The secrets behind award-winning storytelling
In one scene, the unfathomably stupid Prince Regent debates the merits of Dr Johnson’s new book by asking him a series of seemingly ridiculous questions.
Dr Johnson starts: “It is a book about the English language, sir.”
“And the hero’s name is what?” says the Prince.
“There is no hero, sir.”
Unperturbed, the Prince soldiers on: “What about heroines?”
“There is no heroine… unless it is our Mother Tongue.”
“Ah, the mother’s the heroine. Nice twist.”
After learning there’s neither a hint of a marriage nor a murder, the Prince can’t take any more: “Well, now, look, Dr. Johnson, I may be as thick as a whale omelette, but even I know a book’s got to have a plot.”
On reflection, it turns out the Prince Regent was not quite as mad as he made out. Quite the opposite: the plot, the hero, the twist and the colour… these are the storyteller’s tools to grip the reader, hold their attention, shock them, make them smile and make them react. And the rules are the same whether it’s a magazine, film, book or blog.
Trouble is, in today’s world of PR, publishing, advertising and marketing, content agencies are coming under increasing pressure to deliver a constant ‘always on’ stream of material that gets a gazillion more hits than the last asset that achieved a gazillion hits. So how do you make sure your content stands out and gives your client great return on investment? As a preview to the 17th National Storytelling Week, here are seven principles we follow at Foxtrot Papa:
Keep it Simple Stupid
There’s no doubt this is the hardest part to get right because there’s always a tendency to add more, not less. Try not to burden the story with excessive brand messages. Pick one or two attributes and talk about them in the best way possible. Volvo’s ‘The Epic Split’ stunt with Jean Claude Van Damme is a prime example. Do it well and the audience will fall in love with the product and your client will love you for it.
Don’t sell it, tell it
Create characters or dialogue that feel natural and believable. This helps the audience create a personal connection between company and customer, so you actually truly care about the outcome. This emotional investment is incredibly powerful and it works because it strengthens the brand, drives sales, enhances customer loyalty and improves retention.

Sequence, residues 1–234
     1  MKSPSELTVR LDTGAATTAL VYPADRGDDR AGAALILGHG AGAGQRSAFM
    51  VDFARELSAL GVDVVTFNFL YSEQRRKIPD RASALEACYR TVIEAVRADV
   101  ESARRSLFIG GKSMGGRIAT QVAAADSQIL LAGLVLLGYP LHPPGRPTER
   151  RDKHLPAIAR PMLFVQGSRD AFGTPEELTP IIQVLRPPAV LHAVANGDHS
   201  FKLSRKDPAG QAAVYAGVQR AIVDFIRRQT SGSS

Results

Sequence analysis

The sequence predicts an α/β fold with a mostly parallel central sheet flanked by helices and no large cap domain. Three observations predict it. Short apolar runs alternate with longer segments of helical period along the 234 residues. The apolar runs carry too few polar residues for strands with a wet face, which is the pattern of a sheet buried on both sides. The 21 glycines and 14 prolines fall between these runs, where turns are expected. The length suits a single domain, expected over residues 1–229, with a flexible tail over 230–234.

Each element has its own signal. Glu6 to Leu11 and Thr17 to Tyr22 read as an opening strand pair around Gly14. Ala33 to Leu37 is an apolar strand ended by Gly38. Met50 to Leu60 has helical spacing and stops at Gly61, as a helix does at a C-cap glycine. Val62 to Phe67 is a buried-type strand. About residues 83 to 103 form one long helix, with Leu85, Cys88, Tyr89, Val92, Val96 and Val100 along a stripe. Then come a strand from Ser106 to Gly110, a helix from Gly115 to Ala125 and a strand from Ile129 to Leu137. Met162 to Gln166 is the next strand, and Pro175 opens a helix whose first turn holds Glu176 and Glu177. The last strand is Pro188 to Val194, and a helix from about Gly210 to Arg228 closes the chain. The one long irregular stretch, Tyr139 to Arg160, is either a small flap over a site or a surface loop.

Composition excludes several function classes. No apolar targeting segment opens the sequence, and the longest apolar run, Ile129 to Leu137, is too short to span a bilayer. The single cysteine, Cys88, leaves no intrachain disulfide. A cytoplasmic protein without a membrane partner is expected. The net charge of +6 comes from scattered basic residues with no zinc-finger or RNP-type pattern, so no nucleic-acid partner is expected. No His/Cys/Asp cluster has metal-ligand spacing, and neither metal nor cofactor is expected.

Authentic, not annoying
Really powerful and successful stories engage audiences because they have purpose and add value. There’s nothing worse than wondering why you’re watching a film or reading an article because chances are you won’t bother. In a recent TED talk, motivational speaker and author Simon Sinek revealed that “people don’t buy what you do; they buy why you do it.” Sinek cites Apple as a case in point, stating that Steve Jobs gained massive market share by explaining why he made computers rather than simply trying to sell computers.
Deliver the proof
Tell people something they didn’t already know. A great way of doing this is with a little bit of science. What I’m really talking about is insight. Persil did this brilliantly in its ‘Free the Kids – Dirt is Good’ campaign. The filmmakers presented the audience with one, jaw-dropping fact: on average children in the US spend less time outside than inmates in a maximum-security prison. What? Really? That’s shocking, which is of course is the whole point. It’s hard-hitting stuff but it leaves people wanting to find out more.
Sprinkle some surprise and delight.
Back to dear old Edmund Blackadder’s infamous twist! At some point in the story there has to be a ‘wow, did that just happen’ moment. This drives interest and debate and will boost shares.
A picture must tell the story
By all means hire the best director or A-lister talent with a million friends and followers, but the level of engagement will sky rocket if you can distil the story into one powerful image. The media will watch the film, but they will publish the image. Take our Train Pull stunt for Land Rover. The hero image showed one Discovery Sport pulling three, 100-tonne Victorian train carriages across an epic bridge. In other words, one small car can pull a massive weight and that’s a very appealing message for potential buyers. It’s so simple that people don’t have to think too hard or invest too much time to figure it out. This simplicity also played out in the film, which is one reason why it received 1.8m views on YouTube.
Don’t let the audience come to their own conclusion about the story. That’s dangerous territory because they’ll invariably get it wrong. Some short, pithy captions or quick-fire, face-to-camera pieces can help, but the over-arching message should be implicit. If it isn’t then start again.
That’s it. Simple! Only joking. It’s incredibly hard to implement all of the above, all of the time. But give it a go. Invest time in telling a powerful, surprising and original story and the audience and the client will fall in love with it.